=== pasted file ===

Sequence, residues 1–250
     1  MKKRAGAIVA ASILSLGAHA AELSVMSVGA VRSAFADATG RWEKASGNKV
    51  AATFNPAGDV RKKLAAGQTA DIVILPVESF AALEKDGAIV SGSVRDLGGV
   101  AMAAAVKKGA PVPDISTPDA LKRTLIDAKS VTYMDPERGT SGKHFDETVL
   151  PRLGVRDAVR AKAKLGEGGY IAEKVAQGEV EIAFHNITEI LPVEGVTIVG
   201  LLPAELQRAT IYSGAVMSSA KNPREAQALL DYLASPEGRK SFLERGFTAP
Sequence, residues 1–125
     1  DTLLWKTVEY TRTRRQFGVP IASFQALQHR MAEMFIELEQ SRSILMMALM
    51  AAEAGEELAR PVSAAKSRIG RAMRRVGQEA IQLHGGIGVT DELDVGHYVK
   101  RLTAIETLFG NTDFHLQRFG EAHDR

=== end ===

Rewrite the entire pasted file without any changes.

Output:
Sequence, residues 1–250
     1  MKKRAGAIVA ASILSLGAHA AELSVMSVGA VRSAFADATG RWEKASGNKV
    51  AATFNPAGDV RKKLAAGQTA DIVILPVESF AALEKDGAIV SGSVRDLGGV
   101  AMAAAVKKGA PVPDISTPDA LKRTLIDAKS VTYMDPERGT SGKHFDETVL
   151  PRLGVRDAVR AKAKLGEGGY IAEKVAQGEV EIAFHNITEI LPVEGVTIVG
   201  LLPAELQRAT IYSGAVMSSA KNPREAQALL DYLASPEGRK SFLERGFTAP
Sequence, residues 1–125
     1  DTLLWKTVEY TRTRRQFGVP IASFQALQHR MAEMFIELEQ SRSILMMALM
    51  AAEAGEELAR PVSAAKSRIG RAMRRVGQEA IQLHGGIGVT DELDVGHYVK
   101  RLTAIETLFG NTDFHLQRFG EAHDR